Monday, January 18, 2010

Scott Horton Drops the Bomb on Gitmo: Massive Cover-up of Murder Exposed

When it comes to the torture scandal, I agree with Andrew Sullivan: there's not been as big a story on the lies and crimes committed under the U.S. torture program since the Abu Ghraib photos were released. This story has no pictures, but the details are in and of themselves gruesome in the extreme.

Andy Worthington, who knows more about the Guantanamo prisoners than any other journalist, wrote of Scott Horton's bombshell article in Harper's Magazine:
Despite studying Guantánamo on a full-time basis for nearly four years, this is one of the most chilling accounts of the prison that I have ever read, and one which should not only lead to an independent inquiry, but also to calls to press ahead with the closure of Guantánamo — and the repatriation of as many prisoners as possible — without further delay.
Horton's story, The Guantánamo “Suicides”: A Camp Delta sergeant blows the whistle, is dense, and full of amazing facts about the deaths of three Guantanamo prisoners, officially by "suicide." The article is a veritable prosecutor's brief accusing the U.S. government, under both the Bush and Obama administration, of criminal cover-up of these deaths, which were, it seems more and more likely, murder.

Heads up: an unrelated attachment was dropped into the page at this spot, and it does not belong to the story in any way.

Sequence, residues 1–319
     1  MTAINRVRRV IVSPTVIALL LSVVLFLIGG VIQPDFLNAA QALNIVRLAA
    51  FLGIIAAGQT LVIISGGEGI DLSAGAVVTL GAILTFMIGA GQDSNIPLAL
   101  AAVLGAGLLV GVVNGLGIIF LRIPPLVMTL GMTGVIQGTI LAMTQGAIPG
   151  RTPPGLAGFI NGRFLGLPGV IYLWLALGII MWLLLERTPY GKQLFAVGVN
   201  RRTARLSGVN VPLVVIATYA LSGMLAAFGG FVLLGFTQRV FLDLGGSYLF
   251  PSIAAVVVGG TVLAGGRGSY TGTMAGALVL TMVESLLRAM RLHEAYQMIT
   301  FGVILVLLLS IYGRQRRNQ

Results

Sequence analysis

We will be absorbing the various facts revealed in this article for weeks or months to come, and it is my fervent hope that tremendous heat will be put on to have an independent investigation. As Sullivan notes, no one in the government can be trusted to investigate this case. It will take a Blue Ribbon panel, or a tribunal, or at the very least an independent prosecutor with power of subpoena.

I'm going to post a bit of Horton's article (I believe "fair use"), but you have to read the entire thing. Really. (I haven't even included any quotes from Horton's compelling story about how the Obama administration jacked around the whistleblowers, then dropped the investigation. After reading Horton, take a look at Keith Olbermann's interview with him on the Jan. 18 edition of Countdown.
Now four members of the Military Intelligence unit assigned to guard Camp Delta, including a decorated non-commissioned Army officer who was on duty as sergeant of the guard the night of June 9–10, have furnished an account dramatically at odds with the NCIS report—a report for which they were neither interviewed nor approached.

All four soldiers say they were ordered by their commanding officer not to speak out, and all four soldiers provide evidence that authorities initiated a cover-up within hours of the prisoners’ deaths. Army Staff Sergeant Joseph Hickman and men under his supervision have disclosed evidence in interviews with Harper’s Magazine that strongly suggests that the three prisoners who died on June 9 had been transported to another location prior to their deaths. The guards’ accounts also reveal the existence of a previously unreported black site at Guantánamo where the deaths, or at least the events that led directly to the deaths, most likely occurred....